If you can't get anywhere by talking to them then you can go to the Council. Essentially if it's off their land unaccompanied then the dog is deemed to be not under proper control, which is a criminal offence. The Dog Control officer will visit and tell them the rules in the first instance. If it keeps happening the dogs could eventually be removed and put down.

Good point will.  Thank you also raisin girl for the legal info. I'll save my money and try the softly softly approach first! 

Fairygirl

I think it's a slightly tricky situation Carmel. Your neighbours might take the stance that, since you've removed what they see as 'the boundary', it's up to you to put one back, completely disregarding the fact that it's your hedge, to do with what you want  

Good luck with it  - I hope they see that the dogs, and where they go, are totally their responsibility, not yours or anyone else's. Let us know how you get on anyway  

Obelixx

I agree with FG.  You took down the existing hedge, knowing there were dogs next door.  It is up to you to live with the consequences and take precautions to protect your garden and plants from unwanted visitors.   I would certainly take dim view if our neighbours took down the fences between us and then complained that our dogs were harrying their horses and cattle.

A chicken or even a stronger wire mesh fence won't cost a lot and will make for good neighbourly relations which can be beyond price.

Dovefromabove

I agree ... there's a legal position and a  sort of moral one   ... I think that, unless I'd talked it over with the neighbours first and they'd been aware of my plans and prepared perhaps to meet me halfway with fencing their dogs in, I'd feel better putting up some posts and wire netting myself.

If the dogs are tunnellers they'd probably have found their way through the Leylandii earlier, so I presume they're not that type of escapee and a wire netting fence will do the job.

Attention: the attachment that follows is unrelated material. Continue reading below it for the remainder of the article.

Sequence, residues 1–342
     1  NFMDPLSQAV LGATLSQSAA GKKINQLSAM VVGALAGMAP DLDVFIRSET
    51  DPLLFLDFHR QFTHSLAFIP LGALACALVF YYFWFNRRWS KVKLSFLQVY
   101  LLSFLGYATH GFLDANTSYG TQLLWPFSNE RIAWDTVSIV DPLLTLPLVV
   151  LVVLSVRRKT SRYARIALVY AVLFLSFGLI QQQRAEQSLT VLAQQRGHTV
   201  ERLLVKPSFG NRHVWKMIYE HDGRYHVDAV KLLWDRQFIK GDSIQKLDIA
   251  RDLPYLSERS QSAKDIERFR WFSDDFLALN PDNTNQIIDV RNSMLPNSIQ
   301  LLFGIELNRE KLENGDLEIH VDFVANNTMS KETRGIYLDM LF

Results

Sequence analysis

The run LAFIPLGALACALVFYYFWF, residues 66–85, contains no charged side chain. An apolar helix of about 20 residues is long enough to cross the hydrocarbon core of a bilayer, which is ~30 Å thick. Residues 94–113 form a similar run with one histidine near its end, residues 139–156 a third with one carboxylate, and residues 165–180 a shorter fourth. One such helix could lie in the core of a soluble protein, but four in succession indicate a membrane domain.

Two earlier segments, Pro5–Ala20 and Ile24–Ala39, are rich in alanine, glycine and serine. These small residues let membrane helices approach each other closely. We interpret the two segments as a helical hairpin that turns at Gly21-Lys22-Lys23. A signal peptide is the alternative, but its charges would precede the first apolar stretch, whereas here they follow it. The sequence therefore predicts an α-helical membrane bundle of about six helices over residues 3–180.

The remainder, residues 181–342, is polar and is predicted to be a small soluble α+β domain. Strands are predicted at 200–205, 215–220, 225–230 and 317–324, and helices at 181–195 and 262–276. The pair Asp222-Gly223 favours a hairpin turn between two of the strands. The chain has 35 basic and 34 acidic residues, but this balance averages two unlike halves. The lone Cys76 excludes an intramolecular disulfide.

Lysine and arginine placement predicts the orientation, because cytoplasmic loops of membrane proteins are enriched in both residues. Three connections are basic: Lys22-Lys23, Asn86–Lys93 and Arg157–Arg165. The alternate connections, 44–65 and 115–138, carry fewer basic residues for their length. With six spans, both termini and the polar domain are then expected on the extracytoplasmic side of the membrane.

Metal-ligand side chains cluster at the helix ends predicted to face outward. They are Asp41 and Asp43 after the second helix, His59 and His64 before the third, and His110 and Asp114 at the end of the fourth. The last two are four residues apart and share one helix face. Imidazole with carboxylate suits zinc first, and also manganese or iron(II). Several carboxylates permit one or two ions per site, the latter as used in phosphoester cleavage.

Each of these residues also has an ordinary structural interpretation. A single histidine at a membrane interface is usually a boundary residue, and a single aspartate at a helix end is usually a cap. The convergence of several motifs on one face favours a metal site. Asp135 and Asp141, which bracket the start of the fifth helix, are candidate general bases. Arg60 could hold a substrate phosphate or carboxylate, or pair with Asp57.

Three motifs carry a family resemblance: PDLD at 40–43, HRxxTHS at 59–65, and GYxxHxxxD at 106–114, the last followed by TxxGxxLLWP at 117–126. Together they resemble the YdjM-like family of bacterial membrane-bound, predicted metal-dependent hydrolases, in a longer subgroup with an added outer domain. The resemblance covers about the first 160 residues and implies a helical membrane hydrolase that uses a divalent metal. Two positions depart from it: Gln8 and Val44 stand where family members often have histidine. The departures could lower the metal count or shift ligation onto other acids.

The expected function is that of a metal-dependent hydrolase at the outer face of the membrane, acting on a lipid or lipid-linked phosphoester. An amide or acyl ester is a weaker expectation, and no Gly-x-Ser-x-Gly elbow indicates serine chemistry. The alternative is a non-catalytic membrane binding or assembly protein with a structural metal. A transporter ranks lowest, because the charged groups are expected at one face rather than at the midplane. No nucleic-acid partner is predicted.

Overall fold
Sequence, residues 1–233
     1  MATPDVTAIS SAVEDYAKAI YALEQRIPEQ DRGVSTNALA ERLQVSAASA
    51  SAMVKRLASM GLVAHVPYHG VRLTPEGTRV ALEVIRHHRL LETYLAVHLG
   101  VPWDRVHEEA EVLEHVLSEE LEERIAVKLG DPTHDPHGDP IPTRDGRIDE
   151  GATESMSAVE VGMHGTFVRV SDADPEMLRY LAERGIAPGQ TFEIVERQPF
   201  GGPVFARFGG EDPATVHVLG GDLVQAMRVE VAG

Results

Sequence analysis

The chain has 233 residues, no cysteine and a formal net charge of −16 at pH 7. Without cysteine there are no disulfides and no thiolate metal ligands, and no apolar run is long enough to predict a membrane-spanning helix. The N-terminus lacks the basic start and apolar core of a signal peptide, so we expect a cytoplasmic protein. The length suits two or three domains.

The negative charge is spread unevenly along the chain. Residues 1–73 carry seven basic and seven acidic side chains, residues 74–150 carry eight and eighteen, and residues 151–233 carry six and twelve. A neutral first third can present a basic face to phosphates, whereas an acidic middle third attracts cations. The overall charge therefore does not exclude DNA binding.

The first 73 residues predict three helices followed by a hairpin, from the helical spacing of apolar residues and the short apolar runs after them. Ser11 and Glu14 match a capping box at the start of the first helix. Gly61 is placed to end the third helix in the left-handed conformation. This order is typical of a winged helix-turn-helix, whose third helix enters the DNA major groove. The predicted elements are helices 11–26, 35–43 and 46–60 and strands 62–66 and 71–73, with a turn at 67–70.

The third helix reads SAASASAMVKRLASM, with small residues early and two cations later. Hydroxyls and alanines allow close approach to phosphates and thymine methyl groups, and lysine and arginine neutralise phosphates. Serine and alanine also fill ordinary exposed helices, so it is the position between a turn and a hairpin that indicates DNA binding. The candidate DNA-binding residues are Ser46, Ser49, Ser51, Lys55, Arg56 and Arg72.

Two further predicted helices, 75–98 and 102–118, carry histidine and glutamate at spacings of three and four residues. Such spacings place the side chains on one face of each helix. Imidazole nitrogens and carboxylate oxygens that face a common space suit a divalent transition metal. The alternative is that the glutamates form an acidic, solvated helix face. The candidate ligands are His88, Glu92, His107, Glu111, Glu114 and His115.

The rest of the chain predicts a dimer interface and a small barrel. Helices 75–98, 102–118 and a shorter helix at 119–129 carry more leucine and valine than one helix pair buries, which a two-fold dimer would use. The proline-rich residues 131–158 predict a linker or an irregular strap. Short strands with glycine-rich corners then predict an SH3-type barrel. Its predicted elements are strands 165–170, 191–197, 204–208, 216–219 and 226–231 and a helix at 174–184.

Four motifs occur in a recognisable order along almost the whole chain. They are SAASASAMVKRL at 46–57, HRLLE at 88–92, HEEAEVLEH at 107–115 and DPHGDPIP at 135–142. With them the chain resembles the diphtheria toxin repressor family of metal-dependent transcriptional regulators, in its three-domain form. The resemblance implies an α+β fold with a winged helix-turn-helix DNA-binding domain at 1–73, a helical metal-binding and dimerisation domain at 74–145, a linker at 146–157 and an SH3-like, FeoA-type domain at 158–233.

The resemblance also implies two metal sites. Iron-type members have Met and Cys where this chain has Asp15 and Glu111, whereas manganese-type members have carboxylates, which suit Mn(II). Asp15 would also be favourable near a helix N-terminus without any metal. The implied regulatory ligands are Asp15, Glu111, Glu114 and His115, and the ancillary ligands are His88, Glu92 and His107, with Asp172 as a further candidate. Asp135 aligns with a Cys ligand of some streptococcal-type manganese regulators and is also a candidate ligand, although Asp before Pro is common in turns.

Thanks everyone. I gave my neighbors 5 months notice of my intention, the hedge was removed and replanted at the end of March this year.  A big loss of privacy for us all but it had to be done. I might try the chicken wire. Here‘s hoping the hedge grows fast!!! 

Dovefromabove

OK, they knew what was happening then   Good luck with the chicken wire 

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I think most dogs would find a way through a hedge if they really wanted to. I've seen my cocker get through what looked like a solid wall of brambles when he got the scent of something, oblivious to the thorns. We spent the next hour or so taking the stuff out of his coat, when he eventually came back of course. :)

plant pauper

As a dog owner, it's up to me to keep my dogs in.

I removed a huge leylandii hedge but immediately (well a week later) replaced it with a stout fence. I still get occasional cheeky visitors creeping underneath from next door but then so do they!  We have chicken wire stapled over the biggest gaps as the fence becomes a hedge further up but we're fairly chilled about it. If his dogs started doing any damage or c******g everywhere that would change. I'd have a polite word...then a less polite one.

My neighbours and I were so happy to see the back of the hedge I don't think we'd have cared if Belfast Zoo had passed through. 

Fairygirl

Sorry - but I agree with Ppauper. You let them know about the hedge removal, and it's up to them to put something in place to keep their dogs in.